Brooks, LBT, Mattea, Hood out with new music
Tuesday, September 11, 2012
– The other half of Brooks & Dunn - Kix Brooks - is out with his first solo disc in almost 20 years today. "New To This Town" contains a dozen songs, 9 co-written by Brooks. He produced with the title track and single co-produced by Jay DeMarcus of Rascal Flatts.
Little Big Town may be poised for big things with the quartet's new disc, "Tornado." Pontoon has raced up the charts as the lead single from the album, which has 11 songs.
Patterson Hood, who doubles as the driving force behind The Drive-By Truckers, is out with a solo disc."Heat Lightning Rumbles in the Distance" contains a dozen songs and tends to run a bit softer than the Truckers.
Kathy Mattea is with Sugar Hill for "Calling Me Home" after a long career on Mercury and then releasing a disc on her own, the very fine "Coal" in 2008. The West Virginian co-produced the dozen songs with Gary Paczosa.
The Time Jumpers, a Nashville-based group, consisting of Vince Gill, Dawn and Kenny Sears and Ranger Doug among others are out with a debut on Rounder. The group released a live disc several years ago, which was nominated for a Grammy.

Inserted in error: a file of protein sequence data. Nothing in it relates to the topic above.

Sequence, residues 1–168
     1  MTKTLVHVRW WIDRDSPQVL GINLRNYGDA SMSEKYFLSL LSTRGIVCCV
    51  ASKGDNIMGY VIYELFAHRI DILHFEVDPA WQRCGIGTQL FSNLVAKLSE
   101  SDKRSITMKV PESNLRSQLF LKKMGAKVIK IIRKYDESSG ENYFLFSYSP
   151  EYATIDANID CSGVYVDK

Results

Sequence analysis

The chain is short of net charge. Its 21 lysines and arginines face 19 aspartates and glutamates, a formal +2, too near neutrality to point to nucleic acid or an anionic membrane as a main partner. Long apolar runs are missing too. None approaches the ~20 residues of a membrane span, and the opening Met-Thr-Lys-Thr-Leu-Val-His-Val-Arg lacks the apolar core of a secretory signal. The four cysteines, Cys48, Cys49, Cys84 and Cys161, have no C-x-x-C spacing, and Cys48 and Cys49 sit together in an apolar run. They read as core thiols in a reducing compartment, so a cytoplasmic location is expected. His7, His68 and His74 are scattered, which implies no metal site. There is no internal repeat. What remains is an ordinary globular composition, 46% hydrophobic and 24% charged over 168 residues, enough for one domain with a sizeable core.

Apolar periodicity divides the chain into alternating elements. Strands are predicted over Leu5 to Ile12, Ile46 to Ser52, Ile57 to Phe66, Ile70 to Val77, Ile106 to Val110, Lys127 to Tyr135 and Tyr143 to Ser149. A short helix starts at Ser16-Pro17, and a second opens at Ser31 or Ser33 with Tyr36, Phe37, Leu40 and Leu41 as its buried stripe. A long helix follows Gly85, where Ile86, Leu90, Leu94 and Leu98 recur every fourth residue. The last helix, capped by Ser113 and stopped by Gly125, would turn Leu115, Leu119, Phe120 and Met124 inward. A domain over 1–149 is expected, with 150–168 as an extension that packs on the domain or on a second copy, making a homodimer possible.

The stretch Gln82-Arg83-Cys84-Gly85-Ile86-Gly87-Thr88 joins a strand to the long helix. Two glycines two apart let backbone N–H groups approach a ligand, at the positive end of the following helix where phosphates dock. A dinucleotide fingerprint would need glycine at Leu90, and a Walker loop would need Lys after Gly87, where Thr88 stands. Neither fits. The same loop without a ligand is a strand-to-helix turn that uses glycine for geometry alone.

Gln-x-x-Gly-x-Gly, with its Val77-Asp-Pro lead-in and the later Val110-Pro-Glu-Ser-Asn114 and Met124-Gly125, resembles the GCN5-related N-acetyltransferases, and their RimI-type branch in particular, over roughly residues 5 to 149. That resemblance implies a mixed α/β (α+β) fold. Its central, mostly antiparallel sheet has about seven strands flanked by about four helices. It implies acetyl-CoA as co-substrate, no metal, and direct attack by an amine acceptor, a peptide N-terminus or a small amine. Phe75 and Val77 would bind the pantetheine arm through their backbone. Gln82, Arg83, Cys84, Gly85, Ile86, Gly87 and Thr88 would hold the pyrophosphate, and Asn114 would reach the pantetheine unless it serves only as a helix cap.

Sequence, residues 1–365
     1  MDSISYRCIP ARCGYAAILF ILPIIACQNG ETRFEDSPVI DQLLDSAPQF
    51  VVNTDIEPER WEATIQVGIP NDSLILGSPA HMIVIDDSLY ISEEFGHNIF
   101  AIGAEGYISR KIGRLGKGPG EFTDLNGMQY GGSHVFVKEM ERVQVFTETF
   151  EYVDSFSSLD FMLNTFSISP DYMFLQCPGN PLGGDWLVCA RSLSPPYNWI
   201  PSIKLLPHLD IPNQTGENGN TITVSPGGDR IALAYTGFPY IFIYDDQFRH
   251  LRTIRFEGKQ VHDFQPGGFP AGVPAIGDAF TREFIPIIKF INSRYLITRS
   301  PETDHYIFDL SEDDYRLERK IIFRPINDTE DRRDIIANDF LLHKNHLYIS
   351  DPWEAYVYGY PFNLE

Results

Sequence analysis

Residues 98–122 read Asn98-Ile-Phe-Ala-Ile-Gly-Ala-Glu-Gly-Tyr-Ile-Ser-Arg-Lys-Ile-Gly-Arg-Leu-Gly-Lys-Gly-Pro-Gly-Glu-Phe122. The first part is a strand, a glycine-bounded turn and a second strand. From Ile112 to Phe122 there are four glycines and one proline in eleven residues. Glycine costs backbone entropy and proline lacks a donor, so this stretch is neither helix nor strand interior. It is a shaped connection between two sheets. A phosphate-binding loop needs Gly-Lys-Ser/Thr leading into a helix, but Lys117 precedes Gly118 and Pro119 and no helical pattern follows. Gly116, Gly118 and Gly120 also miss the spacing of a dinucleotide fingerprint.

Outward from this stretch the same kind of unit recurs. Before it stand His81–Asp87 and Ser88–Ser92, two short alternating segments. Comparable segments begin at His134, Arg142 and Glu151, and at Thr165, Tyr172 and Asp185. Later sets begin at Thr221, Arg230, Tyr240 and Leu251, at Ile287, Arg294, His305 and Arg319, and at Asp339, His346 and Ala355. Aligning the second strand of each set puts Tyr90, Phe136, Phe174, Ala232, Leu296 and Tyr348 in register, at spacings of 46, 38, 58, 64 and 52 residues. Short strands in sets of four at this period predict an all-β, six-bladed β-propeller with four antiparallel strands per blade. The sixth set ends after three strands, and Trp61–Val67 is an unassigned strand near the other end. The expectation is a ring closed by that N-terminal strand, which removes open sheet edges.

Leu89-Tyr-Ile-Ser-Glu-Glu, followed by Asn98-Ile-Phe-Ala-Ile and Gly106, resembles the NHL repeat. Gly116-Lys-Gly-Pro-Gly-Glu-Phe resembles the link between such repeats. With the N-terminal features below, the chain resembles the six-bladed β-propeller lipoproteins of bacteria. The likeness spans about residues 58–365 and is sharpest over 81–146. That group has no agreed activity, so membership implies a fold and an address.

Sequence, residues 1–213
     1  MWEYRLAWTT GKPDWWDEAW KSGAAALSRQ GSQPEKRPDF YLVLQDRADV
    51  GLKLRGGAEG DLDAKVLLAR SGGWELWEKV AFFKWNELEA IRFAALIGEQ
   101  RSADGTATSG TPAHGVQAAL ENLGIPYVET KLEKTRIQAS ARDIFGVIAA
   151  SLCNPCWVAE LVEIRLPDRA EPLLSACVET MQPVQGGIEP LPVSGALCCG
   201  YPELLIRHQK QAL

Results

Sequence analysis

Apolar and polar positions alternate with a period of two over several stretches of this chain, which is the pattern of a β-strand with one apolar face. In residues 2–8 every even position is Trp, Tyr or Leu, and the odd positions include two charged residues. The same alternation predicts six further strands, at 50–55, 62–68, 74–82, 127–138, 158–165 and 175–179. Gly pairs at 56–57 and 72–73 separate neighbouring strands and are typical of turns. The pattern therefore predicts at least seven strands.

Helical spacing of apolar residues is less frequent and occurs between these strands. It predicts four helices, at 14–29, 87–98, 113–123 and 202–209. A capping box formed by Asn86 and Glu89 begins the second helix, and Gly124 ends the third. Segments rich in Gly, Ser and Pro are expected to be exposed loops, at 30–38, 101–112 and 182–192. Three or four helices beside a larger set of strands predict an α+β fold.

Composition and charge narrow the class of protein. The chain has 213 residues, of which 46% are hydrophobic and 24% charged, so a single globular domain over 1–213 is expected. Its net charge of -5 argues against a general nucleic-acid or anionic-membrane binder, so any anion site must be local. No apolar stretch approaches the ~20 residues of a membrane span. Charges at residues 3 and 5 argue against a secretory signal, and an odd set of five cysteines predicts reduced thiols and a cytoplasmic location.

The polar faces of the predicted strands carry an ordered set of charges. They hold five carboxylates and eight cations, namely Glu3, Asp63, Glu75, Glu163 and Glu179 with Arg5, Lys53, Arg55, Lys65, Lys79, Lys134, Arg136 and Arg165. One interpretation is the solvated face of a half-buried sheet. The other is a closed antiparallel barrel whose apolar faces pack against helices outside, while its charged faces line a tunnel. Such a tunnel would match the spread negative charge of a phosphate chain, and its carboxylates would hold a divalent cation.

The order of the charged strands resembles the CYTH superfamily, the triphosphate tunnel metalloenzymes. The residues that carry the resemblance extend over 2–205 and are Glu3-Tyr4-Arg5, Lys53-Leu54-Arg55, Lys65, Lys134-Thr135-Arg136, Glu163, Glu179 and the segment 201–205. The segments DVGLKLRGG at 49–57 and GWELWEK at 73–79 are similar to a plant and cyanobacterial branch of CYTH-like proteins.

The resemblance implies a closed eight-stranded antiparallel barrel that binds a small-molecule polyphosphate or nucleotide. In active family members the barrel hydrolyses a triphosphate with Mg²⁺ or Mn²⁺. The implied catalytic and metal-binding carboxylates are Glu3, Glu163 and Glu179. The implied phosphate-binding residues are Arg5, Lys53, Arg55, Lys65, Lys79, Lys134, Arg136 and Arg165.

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CD reviews for Kix Brooks
New to This Town
With no disrespect to Kix Brooks, but back when he was half of the super successful Brooks & Dunn, this diminutive one sometimes seemed to be Andrew Ridgeley to George Michaels; he was Oates to Hall. Hopefully, though, the wonderful new "New to This Town" will put that stereotype to rest. Brooks was also the humorous, gregarious side of Brooks & Dunn, which starkly contrasted Ronnie's many times uptight, shy stage presence.
There's little that's overly serious on »»»
Editorial: Walking the talk
When names like Hank Williams, Johnny Cash, Waylon and the Hag are invoked, you're talking hard core country. These are the touchstones of country , the guys who made country music what it was and still is (or maybe can be). When these folks would sing about being down-and-out and the rough-and-tumble, they knew of what they were singing about. Fast forward a few years to the country singers of today. »»»
Concert Review: Stapleton shows his traditional roots
Chris Stapleton's All-American Road show feels like a singular mission to rid the genre of the bro country scourge that has plagued it for years. He came out with a blazing one-two punch of "Second One To Know" and "Without Your Love" and packed a stadium sized onslaught into a 9,000-seat arena. He never once veered from his... »»»
Concert Review: Jinks wins over fans, especially new ones
Cody Jinks asked the crowd a bit into his show how many had never seen him before. It seemed like Jinks has made a lot of musical inroads into the public's consciousness because roughly three quarters of the audience raised their hands to show that this was their first time.
That probably made Jinks feel pretty darn good about how life has been... »»»
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